Why Do I Need a CPA?

A CPA can help guide you through the treacherous waters you encounter in running and growing your business.  They understand business at a level that is different than non-CPAs.  One of the main issues debated during the upcoming US Presidential campaign was whether to raise the minimum wage, and if so, by how much.  A CPA can provide you with visibility into the impact such a change could have on your business.  Are you looking to grow your business, but need to find capital to fund your growth?  A CPA can provide guidance on the type of capital that is right for your business, help you obtain this capital by providing solid financial statements and show you the impact this will have on your business through insightful and easy to read forecasting models.  Need to make sure you are complying with all the payroll, sales and income tax laws?  A CPA well versed in tax laws can easily help you navigate through these complex issues, as well as help you to avoid costly penalties as a result of missing important filing deadlines.  These are just a few examples of where a good CPA can provide value to you and your business.

How Do I Choose the Right CPA?

Now that you see the value a CPA can bring to the table and are convinced that you need one, how do you go about finding one?  Here are some tips on finding a CPA that is a good fit for you.

  • First, understand what your greatest need is right now. Is it tax related?  Do you need help keeping up with your books and records so that your tax accountant can get your taxes done?  Do you need help figuring out how to fund your business growth?  Once you know what you need, you can get referrals from business associates, attorneys or other CPAs to start your search for your CPA.
  • Now that   you’ve been referred to a CPA you’ll want to make sure that they have an active license (you can look them up on the state licensing website, for Florida it’s, their communication style is compatible with your own and they have the experience that you need.
  • You’ll also want to make sure that you get along with the CPA you ultimately choose, and actually like them. If you don’t like the CPA personally, even if they are known for being the best in their field, you probably won’t use them or trust them.
  • Most reputable CPAs will be members of the American Institute of Certified Public Accountants and/or their state society of CPAs. These organizations have strict rules of membership and monitor their members regularly.  Make sure the CPA that you work with is a member of one or more professional organizations.

Once you’ve found a CPA that you’d like to work with, don’t hesitate to take it slow.  You may want to start out with a small project to see how well you work together before engaging them on a larger scale.  A reputable, and good CPA will understand and will be happy to work with you.  It’s your business so make the CPA earn your trust first!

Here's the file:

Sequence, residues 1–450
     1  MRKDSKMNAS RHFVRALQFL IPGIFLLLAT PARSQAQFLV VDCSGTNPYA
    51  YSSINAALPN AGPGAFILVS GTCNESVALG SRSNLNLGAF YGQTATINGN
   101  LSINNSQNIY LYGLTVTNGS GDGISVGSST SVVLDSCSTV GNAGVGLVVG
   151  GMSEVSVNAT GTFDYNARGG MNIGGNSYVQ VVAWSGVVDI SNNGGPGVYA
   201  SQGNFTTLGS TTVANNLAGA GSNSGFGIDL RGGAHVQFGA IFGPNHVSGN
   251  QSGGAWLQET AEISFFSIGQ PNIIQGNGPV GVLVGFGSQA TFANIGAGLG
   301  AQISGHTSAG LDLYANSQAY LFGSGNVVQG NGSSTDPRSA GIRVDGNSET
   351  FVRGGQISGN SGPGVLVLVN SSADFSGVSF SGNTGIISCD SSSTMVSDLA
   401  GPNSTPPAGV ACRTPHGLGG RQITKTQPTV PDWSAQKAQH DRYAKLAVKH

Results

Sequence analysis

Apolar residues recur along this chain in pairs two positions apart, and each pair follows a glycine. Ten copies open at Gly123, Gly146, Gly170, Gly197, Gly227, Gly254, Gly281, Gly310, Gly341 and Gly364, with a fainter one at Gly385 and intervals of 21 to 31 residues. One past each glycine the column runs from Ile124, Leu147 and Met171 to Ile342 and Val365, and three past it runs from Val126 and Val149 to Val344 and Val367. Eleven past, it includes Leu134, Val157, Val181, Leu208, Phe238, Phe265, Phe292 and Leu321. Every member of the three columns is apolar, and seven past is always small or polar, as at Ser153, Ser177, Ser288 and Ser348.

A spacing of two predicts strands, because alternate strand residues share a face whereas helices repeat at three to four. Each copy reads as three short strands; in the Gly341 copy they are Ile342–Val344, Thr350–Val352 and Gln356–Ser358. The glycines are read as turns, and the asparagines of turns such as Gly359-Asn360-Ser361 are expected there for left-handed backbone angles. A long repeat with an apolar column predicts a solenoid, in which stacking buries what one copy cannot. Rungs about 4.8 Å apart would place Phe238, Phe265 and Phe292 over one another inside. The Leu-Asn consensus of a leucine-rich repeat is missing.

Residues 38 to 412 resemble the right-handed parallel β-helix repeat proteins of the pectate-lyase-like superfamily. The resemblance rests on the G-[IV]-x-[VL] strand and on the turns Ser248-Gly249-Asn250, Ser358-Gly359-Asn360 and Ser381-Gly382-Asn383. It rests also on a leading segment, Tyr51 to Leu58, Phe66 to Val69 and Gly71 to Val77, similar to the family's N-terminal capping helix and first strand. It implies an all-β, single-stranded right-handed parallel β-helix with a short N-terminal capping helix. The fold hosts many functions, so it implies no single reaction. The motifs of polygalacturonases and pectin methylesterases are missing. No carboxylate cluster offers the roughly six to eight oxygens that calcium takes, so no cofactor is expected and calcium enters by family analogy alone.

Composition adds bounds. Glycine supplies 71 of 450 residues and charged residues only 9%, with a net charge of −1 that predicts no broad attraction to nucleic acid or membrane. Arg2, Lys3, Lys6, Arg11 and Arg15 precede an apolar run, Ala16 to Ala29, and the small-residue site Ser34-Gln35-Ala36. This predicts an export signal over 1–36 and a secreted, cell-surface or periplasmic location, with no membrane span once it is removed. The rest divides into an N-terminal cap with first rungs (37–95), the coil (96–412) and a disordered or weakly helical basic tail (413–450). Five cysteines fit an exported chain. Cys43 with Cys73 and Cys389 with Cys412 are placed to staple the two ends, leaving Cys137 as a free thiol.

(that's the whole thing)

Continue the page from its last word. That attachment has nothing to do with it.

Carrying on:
Don’t Go It Alone!  Get your Trusted CPA Advisor!

The success of your business relies on you!  The growth of the American economy relies on small businesses and entrepreneurship.  Don’t go it alone!  Bring a Trusted CPA Advisor along with you!

Susan M Nieland, CPA

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Profitable Yet? The Pressure’s On!

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Imagine you are in your board room, you’re a startup.  You’ve received your initial funding.  You’ve got a great idea for a new, break-through, and innovative product.  You’ve built a prototype and done an I nitial consumer test.  The results are great and now you’re ready to continue building your product to make it ready for market.  You are so excited, but all of a sudden your palms start to sweat.  Your investors start asking questions about your financial results.  “Oh no! What now?”  Then they ask the dreaded question, “When will you turn a profit?”.  You think, “I’ve just started my company.  I haven’t launched my product yet.  How can I be profitable when my product’s still in beta testing, my customer base is small, and I have very little revenue?”   Then you think “Well, there must be some way we can show a profit”.

This is what I call the danger zone.  This is where we may be tempted to create new ways to define standard accounting and business terms.  Let’s step back for a moment.  What does “profit” really mean?   Merriam-Webster defines profit simply as “money that is made in a business, through investing, etc., after all the costs and expenses are paid: a financial gain”.  Simple enough.  Right?  Well, not really.  For some businesses, gross profit (revenue less direct selling expenses) is the key measure of profitability.  In other businesses, they may look at the “bottom line” which starts with gross profit, then takes into consideration marketing and operating expenses, income taxes and depreciation expense.  Still others may look at EBITDA (earnings before interest, taxes, depreciation and amortization) as a measure of profitability.   These are all good measurements, but let’s go back to the definition provided us by Merriam-Webster.  Profit, is money, or rather income, earned by a business after all expenses and costs are deducted.  When discussing “profits” or “profitability” with your investors it is critically important to not only be consistent in your reporting of profits, but to also be open and honest in your communications.  To me, this means reporting revenue and expenses in accordance with generally accepted accounting principles.  This will most likely not be a reflection of the actual cash you have in your bank account, but you can bet that if you have a positive “bottom line” your bank account will reflect this.